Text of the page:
Amnesty blasts Tories’ rights record

OTTAWA — The Harper government has eroded Canada’s global reputation as a human rights champion, says a respected international watchdog.

OTTAWA — The Harper government has eroded Canada’s global reputation as a human rights champion, says a respected international watchdog.

The scathing report by Amnesty International does not specifically name the Harper Conservatives but it raises many frequent criticisms of Tory foreign policy.

Those criticisms include uncompromising support for Israel in the Middle East and the defunding of non-governmental agencies, such as Kairos, that have publicly criticized the Tories or provided aid to Palestinians.

Amnesty calls on party leaders to use the federal election campaign to restore Canada’s commitment to rights at home and abroad.

“No longer the champion, more and more Canada is perceived to be a country that is reticent to take a consistently strong stand for human rights. Sometimes Canada now is also seen as part of the problem, not the solution,” said Amnesty Secretary General Salil Shetty.

“There has been erosion of Canada’s past policies, including a principled and non-partisan reputation in the Middle East.”

The report says the government’s “unflinching refusal” to criticize Israel’s human rights record has eroded Canada’s reputation in the Middle East.

“Serious violations committed by the Israeli government have on occasion been described as ’a measured response’ and Canada’s voice was noticeably moderate when hundreds of thousands of Sri Lankan Tamils faced grave peril in early 2009,” the report said.

Harper used the phrase “measured response” in July 2006 to describe Israel’s decision to bomb Lebanon in retaliation for the kidnapping of two Israeli soldiers by Hezbollah terrorists based in that country.

That comment provoked the ire of Arab and Muslim Canadians and was widely interpreted as a sign the Conservatives had begun taking sides the Middle East conflict.

“Traditionally Canada approached those debates in a careful and principled manner and garnered a reputation as non-partisan,” the report states.

“That reputation has, however, been completely eroded in recent years as Canada has now adopted a policy of consistently voting against resolutions at both the UN Human Rights Council and the UN General Assembly that criticize Israel’s human rights record,” it adds.

“That has been the case even in the midst of UN criticism of the widespread human rights violations that occurred during the Israeli military campaigns in south Lebanon in 2006 and Gaza in 2009.”

The government has defended its Middle East stance, saying it believes a non-violent end to the dispute and the creation of a separate Palestinian state that would live peacefully with its Israeli neighbour.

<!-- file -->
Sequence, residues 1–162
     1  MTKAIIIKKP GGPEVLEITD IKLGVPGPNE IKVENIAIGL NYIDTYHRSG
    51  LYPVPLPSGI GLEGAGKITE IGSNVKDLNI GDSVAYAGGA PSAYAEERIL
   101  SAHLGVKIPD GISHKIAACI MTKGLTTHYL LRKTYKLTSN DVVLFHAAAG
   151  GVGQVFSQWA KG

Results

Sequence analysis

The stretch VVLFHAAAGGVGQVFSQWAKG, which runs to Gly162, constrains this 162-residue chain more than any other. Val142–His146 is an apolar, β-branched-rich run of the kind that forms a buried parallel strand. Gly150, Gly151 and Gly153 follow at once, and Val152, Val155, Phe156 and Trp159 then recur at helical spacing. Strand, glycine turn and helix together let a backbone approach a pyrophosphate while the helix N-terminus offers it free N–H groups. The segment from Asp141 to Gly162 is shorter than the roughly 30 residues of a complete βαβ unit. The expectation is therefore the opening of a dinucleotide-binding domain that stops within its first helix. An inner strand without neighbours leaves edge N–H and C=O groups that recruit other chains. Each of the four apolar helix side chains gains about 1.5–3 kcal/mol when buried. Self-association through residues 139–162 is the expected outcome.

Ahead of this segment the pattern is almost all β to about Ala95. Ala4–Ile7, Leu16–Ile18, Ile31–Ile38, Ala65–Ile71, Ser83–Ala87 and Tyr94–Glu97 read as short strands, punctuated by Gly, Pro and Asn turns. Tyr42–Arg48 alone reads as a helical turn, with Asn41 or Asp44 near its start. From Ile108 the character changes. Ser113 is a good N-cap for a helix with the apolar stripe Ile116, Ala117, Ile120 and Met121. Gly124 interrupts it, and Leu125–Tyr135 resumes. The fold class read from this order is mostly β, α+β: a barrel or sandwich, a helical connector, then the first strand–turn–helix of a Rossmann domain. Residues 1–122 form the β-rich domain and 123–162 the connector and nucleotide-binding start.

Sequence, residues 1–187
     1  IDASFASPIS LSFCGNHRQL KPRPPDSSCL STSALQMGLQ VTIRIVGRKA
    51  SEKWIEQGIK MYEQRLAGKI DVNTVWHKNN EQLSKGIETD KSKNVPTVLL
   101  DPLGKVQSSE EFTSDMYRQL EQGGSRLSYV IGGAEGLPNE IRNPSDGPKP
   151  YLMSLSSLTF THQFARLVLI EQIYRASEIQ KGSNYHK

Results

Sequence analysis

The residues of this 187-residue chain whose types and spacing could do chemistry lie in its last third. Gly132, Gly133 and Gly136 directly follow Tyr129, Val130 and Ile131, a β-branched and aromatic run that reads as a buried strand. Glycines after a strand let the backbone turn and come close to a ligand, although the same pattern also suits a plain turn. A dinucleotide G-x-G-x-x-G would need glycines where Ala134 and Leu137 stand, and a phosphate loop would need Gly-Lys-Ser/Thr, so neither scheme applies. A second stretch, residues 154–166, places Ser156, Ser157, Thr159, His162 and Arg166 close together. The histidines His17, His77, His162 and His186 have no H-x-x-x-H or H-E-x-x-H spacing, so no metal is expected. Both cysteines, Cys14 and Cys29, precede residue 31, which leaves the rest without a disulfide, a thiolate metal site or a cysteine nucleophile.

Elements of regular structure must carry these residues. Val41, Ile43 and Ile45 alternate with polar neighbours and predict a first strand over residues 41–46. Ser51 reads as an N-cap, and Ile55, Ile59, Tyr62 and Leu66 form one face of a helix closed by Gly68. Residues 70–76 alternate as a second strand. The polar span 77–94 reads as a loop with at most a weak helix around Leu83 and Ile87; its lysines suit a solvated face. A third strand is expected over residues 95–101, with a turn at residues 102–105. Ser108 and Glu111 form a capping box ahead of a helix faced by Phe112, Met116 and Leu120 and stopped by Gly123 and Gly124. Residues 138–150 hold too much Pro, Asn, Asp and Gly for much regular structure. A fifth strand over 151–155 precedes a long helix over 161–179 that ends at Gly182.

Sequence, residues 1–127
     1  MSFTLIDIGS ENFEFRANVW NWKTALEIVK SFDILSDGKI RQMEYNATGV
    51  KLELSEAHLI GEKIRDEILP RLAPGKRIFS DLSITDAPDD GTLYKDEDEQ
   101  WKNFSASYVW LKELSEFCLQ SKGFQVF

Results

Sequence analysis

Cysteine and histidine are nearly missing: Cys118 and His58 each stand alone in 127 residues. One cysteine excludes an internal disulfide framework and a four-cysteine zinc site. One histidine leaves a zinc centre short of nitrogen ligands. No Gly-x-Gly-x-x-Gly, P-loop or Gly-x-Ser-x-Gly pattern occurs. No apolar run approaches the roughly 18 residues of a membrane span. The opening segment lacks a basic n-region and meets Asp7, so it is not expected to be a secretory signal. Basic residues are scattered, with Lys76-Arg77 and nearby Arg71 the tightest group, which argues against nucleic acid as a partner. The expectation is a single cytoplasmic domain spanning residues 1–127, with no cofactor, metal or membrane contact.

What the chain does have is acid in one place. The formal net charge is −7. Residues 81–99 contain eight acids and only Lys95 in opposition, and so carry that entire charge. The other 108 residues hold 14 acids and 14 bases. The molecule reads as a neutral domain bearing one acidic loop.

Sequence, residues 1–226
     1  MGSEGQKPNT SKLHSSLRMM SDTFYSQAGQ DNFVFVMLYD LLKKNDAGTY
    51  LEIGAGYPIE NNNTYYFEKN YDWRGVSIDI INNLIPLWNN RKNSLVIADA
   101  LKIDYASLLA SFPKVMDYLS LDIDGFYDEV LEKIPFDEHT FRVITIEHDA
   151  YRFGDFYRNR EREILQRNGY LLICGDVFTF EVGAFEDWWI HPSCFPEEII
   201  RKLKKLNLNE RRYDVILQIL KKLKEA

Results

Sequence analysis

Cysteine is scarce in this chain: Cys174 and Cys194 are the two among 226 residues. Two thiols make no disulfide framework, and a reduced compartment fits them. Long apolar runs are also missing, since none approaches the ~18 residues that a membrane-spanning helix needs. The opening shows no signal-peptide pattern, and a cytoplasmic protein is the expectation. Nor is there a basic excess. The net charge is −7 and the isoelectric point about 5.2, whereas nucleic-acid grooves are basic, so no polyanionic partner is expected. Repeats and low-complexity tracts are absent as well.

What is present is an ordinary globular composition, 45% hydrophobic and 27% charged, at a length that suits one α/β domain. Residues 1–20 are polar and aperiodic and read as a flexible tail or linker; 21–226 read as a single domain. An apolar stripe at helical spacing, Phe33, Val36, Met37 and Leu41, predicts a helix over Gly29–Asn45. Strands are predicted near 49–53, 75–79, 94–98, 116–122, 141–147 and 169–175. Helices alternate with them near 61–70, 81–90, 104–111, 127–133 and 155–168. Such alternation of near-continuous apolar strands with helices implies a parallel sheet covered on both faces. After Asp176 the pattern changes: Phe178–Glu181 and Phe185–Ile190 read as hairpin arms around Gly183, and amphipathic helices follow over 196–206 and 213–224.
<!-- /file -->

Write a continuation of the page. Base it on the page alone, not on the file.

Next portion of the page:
The Conservatives had been given advance notice of some of the report’s contents but did not reply.

At home, the report points to “devastating cuts” in funding to Canadian agencies such as Kairos and the Canadian Council for International Co-operation for publicly disagreeing with government policy.

“On the home front, Canada’s human rights movement feels under siege,” the report states.

“Never before have Canadian organizations worried so much that there might be consequences if they disagree publicly with the government on a human rights concern.”

The report also notes the government’s decision to not repatriate Toronto-born convicted terrorist Omar Khadr from the U.S. military prison at Guantanamo Bay.

But the report also offers criticism in areas where the Conservatives and Liberals have been aligned on foreign policy in recent years.

It criticizes the defeat in Parliament last fall of a bill that would have created mandatory accountability for Canadian corporations abroad. The bill died with the support of several high-profile Liberal opposition members.

The report also criticizes the “fluctuations and unevenness” in Canada’s relations with China over the last 20 years that have lead to an inconsistent approach in raising human rights concerns with its communist leaders.

Between 1993 and 2005, the Liberal governments of Jean Chretien and Paul Martin faced accusations that they were more interested in pursuing trade with China than pushing a rights agenda.

“Our critique certainly is based on the actions of the government in the last few years,” said Shetty.

“If you look at the history of various governments in this country and the way they have responded to international human rights requirements, I think it’s a mixed bag. We’ve had Liberal governments that haven’t delivered, we’ve had Conservative governments that haven’t delivered.”

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